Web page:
Michael KreponReykjavik

Twenty-five years ago, the world’s highest-stakes poker game was played in Reykjavik. This characterization comes from a man with a pretty good poker face, George Shultz, who was the US Secretary of State at the time. Secretary Shultz appeared to be one of only three participants at the Reykjavik summit who had no reservations about what transpired. The other two were the guys holding all the chips.

The story of the Reykjavik summit has great dramatic potential; Ridley Scott will reportedly try his hand at the film version. No explosions. No digital animation. But great dramatis personae, and a plot that is far too convoluted to summarize adequately here. Suffice it to say that the story is about two supremely confident, unorthodox risk-takers who were not in the least bit enthralled with nuclear weapons. They happened to be the presidents of the United States and the Soviet Union. They wanted to dispense with agonizingly slow and overly scripted strategic arms negotiations and cut to the chase. These risk-takers were eager to meet face-to-face, even at an unscripted summit.

Ronald Reagan came to Reykjavik expecting exploratory talks; Mikhail Gorbachev brought proposals that took the US delegation by surprise. Gone were all of the usual Soviet ifs, ands, and buts. Gorbachev had only one condition, and he saved it for the last act.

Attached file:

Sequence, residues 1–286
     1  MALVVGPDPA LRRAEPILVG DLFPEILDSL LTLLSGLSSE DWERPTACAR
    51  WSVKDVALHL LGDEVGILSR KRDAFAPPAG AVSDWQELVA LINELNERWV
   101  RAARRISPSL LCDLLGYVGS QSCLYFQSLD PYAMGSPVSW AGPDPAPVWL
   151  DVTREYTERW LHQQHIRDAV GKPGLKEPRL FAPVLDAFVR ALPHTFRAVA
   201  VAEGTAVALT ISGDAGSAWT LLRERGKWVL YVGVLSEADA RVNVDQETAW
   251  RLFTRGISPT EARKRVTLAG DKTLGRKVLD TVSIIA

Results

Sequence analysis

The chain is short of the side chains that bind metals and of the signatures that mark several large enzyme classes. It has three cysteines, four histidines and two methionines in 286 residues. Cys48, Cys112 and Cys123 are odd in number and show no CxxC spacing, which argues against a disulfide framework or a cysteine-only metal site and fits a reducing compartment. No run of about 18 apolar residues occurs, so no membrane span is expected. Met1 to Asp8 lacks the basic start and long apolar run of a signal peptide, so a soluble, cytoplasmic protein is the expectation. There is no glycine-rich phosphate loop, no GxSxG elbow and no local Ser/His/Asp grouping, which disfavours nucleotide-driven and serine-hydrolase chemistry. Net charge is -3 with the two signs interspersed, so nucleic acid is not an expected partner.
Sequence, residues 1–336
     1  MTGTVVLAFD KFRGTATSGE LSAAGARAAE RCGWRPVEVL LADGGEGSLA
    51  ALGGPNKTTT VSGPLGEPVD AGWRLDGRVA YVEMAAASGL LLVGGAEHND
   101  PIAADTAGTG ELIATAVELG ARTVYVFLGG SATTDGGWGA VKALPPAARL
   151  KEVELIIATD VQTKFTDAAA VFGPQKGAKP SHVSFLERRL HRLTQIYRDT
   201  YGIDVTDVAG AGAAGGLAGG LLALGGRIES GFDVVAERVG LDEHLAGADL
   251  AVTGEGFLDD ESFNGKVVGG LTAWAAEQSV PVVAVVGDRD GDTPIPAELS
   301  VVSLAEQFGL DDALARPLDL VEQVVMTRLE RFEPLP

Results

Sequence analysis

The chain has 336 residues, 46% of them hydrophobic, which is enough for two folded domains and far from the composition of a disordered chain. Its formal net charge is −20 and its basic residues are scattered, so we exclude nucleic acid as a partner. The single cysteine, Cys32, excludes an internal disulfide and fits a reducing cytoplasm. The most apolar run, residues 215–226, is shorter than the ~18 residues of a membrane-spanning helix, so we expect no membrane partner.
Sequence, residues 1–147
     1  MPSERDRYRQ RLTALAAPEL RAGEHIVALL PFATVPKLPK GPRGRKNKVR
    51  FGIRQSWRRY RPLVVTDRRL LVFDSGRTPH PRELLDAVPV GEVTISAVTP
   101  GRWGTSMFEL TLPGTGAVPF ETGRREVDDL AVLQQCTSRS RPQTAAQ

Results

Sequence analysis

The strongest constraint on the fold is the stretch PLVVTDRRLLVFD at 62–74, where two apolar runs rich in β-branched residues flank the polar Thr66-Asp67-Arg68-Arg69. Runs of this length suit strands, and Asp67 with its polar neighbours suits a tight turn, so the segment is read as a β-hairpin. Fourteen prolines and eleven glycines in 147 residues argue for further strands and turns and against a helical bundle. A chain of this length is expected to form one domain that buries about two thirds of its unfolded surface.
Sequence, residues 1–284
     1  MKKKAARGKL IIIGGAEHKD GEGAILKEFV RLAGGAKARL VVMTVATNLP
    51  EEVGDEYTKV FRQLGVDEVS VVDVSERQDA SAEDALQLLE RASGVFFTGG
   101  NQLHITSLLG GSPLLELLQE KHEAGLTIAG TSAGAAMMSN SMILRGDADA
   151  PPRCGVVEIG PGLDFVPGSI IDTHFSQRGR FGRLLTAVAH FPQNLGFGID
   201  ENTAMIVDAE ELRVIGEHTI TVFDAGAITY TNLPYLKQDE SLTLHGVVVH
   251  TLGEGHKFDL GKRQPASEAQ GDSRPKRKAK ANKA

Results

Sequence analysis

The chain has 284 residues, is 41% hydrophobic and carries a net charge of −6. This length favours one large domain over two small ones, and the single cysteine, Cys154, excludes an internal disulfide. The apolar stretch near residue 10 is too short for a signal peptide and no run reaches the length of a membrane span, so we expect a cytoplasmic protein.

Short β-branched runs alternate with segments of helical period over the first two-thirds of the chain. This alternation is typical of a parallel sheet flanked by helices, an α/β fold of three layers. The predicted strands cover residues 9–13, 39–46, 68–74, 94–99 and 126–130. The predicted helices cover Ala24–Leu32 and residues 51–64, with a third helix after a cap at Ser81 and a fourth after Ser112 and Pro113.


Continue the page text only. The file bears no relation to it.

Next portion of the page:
Reagan sought to make nuclear weapons impotent and obsolete by means of his Strategic Defense Initiative. Gorbachev parried with a more direct approach. The Reagan administration had previously proposed lop-sided strategic arms reductions, including cuts in Soviet “heavy” missiles. Gorbachev’s rejoinder was, in effect, “You want deep cuts? How about fifty percent cuts for both of us, including Soviet heavy missiles?” This scale of reductions was previously thought to be preposterous when first advocated by George Kennan. Let’s do this in five years, Gorbachev proposed. Euro-missiles? The Reagan team had previously proposed to eliminate all Soviet deployments and, in turn, the US would not deploy new missiles. Supporters of this gambit believed it to be unacceptable to the Kremlin. Gorbachev agreed to Reagan’s zero option.

Now it was Reagan’s turn. Challenged by Gorbachev to dispense with stale negotiating proposals, Reagan’s team proposed to eliminate all “fast flyers” in a second five-year period. Why stop at ICBMs and SLBMs, asked Gorbachev? How about all bombers, warheads, tactical nuclear weapons and, for good measure, cruise missiles? SDI would not be needed in a world without nuclear weapons. Reagan then looked across the table at Gorbachev and reportedly said, “It would be fine with me if we eliminated all nuclear weapons.” To which Gorbachev replied, “We can do that. Let’s eliminate them. We can eliminate them.”

This would make a good movie, no?

These back-of-the-envelope proposals were torn up when Gorbachev demanded that the SDI be confined to laboratories for ten years and proceed thereafter only by mutual consent. Reagan would not sacrifice his beloved Strategic Defense Initiative, not even for his vision of a world without nuclear weapons.

Reykjavik immediately generated intense, mixed emotions — much tooth-gnashing, sighs of relief, as well as deep regrets. Supporters of the US nuclear weapons complex were appalled. Former Secretary of Defense James Schlesinger declared Reykjavik “a near disaster from which we were fortunate to escape.” Richard Nixon weighed in that, “No summit since Yalta has threatened Western interests so much as the two days at Reykjavik.”